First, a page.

Researchers in the Department of Biomedical Engineering at Texas A&M University are working on an entirely new way to detect blood clots, especially in pediatric patients.
Unlike what a biology textbook may show, blood vessels are not straight cylinders. They are tortuous, meaning they have complex curves, spirals and bends. When the blood reaches these curves, it makes changes to its fluid mechanics and interactions with the vessel wall. In a healthy person, these changes are in harmony with the tortuous microenvironment, but when diseased, these environments could lead to very complex flow conditions that activate proteins and cells that eventually lead to blood clots.
Dr. Abhishek Jain, assistant professor, said a big challenge in medicine is the medical devices used to detect clots and assess anti-blood clotting drug effects are entirely chemistry-based.
"They do not incorporate the flow through the naturally turning and twisting blood vessels, which are physical regulators of blood clotting," Jain said. "Therefore, the readouts from these current static systems are not highly predictive, and often result in false positives or false negatives."
To approach the problem from a new angle, researchers in Jain's lab at Texas A&M designed a microdevice that mimics tortuous blood vessels and created a diseased microenvironment in which blood may rapidly clot under flow. They showed this biomimetic blood clotting device could be used to design and monitor drugs that are given to patients who suffer from clotting disorders.
Jain said he can see several applications for the device, including critical care units and military trauma care units.
"It can be used in detection of clotting disorders and used in precision medicine where you would want to monitor pro-thrombotic or anti-thrombotic therapies and optimize the therapeutic approach," Jain said.
After developing the device, the team took it into the field for a pilot study. Working with Dr. Jun Teruya, chief of transfusion medicine at Texas Children's Hospital and Baylor College of Medicine, the team coordinated with clinicians to test the device with pediatric patients in critical care whose heart and lungs were not working properly.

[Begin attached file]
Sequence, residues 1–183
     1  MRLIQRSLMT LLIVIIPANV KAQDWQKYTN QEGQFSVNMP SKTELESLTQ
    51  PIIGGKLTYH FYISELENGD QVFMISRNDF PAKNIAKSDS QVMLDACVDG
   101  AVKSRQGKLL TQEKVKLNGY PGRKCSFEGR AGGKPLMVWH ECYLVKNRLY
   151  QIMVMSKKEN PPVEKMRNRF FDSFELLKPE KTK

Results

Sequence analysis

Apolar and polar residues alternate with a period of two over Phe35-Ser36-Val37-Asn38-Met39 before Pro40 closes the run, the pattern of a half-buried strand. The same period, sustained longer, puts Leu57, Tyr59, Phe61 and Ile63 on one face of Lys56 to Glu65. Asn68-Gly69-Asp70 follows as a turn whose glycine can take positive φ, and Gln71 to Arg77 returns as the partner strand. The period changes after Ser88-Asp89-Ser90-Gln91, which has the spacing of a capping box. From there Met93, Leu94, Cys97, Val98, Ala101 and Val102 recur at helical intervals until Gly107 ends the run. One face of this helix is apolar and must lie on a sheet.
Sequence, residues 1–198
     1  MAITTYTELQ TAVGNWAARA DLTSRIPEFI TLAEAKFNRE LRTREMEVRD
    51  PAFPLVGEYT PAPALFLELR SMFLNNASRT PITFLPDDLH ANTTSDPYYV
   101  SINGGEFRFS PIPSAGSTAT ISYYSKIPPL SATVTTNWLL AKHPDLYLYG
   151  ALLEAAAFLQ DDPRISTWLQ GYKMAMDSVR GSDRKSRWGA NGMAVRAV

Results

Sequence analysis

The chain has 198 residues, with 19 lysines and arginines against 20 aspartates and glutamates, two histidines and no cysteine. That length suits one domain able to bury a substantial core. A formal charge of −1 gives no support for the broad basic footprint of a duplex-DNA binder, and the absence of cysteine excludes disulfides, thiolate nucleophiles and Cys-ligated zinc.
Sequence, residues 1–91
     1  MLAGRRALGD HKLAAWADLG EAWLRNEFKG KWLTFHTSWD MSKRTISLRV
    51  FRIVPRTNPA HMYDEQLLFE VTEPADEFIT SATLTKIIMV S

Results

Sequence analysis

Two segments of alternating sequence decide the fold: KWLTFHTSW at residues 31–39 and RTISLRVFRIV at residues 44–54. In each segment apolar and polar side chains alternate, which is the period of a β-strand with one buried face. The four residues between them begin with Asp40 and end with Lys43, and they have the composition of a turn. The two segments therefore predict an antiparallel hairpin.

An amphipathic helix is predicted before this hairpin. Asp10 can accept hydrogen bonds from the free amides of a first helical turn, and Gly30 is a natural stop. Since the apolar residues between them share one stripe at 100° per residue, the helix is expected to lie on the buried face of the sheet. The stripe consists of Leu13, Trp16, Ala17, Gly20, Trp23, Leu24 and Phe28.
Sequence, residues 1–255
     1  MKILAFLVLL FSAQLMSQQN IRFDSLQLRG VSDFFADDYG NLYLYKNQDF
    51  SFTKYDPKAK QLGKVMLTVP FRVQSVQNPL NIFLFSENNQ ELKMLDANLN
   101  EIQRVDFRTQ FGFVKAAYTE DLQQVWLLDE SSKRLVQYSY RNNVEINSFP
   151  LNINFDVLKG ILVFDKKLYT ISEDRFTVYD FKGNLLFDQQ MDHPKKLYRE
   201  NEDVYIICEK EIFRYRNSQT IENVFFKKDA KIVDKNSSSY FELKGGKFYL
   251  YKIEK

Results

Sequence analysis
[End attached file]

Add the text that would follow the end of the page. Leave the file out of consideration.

These patients were in need of an extracorporeal membrane oxygenation (ECMO) machine, which provides cardiac and respiratory support in exchange of oxygen and carbon dioxide.
A common complication in ECMO is blood clotting, so patients are administered anticoagulants to prevent clotting. However, ECMO machines are also known to" eat" clotting proteins and platelets, which puts anticoagulated patients in further risk of bleeding. Anticoagulated pediatric patients on ECMO are especially prone to bleeding.
Current chemically based blood clotting tests are expensive, time-consuming, can be unreliable and require a skilled technician. Jain's team's tortuosity based microfluidic system doesn't require expensive chemicals, is quick, with results within 10-15 minutes, uses low blood sample volume and is easy to operate.
"The margin for error is essentially zero for these patients," Jain said. "Therefore, it's imperative that all the tests, not just clotting tests, must work and provide clinicians with quick and reliable information about their patient so they can provide the best care possible."
By having the opportunity to test their system with real patients, Jain said his team was able to demonstrate that their design could detect bleeding in anticoagulated patients with low platelet counts, which can help guide doctors to make better evidence-based clinical decisions for their patients.
The study was recently published in Nature's Scientific Reports journal.
For Jain and his team, the next stage is continued clinical studies to compare their approach to standard methods and hopefully demonstrate key performance advantages.